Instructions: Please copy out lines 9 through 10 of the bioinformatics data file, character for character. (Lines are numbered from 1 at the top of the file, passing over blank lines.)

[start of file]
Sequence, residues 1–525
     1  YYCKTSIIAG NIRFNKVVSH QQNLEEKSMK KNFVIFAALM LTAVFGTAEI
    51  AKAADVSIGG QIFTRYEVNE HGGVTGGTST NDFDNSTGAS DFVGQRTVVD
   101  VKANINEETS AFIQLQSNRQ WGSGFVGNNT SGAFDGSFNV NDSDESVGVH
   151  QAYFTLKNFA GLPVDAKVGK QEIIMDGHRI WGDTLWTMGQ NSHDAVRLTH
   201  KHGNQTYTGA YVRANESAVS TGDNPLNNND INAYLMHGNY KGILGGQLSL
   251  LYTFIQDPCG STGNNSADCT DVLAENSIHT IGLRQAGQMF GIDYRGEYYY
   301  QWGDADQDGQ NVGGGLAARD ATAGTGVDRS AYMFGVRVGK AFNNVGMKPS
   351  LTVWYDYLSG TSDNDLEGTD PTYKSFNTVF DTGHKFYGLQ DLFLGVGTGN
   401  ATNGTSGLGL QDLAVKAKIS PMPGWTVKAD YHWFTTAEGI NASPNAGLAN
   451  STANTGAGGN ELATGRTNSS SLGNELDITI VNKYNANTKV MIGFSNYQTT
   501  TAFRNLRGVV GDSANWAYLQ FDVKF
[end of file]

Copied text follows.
   351  LTVWYDYLSG TSDNDLEGTD PTYKSFNTVF DTGHKFYGLQ DLFLGVGTGN
   401  ATNGTSGLGL QDLAVKAKIS PMPGWTVKAD YHWFTTAEGI NASPNAGLAN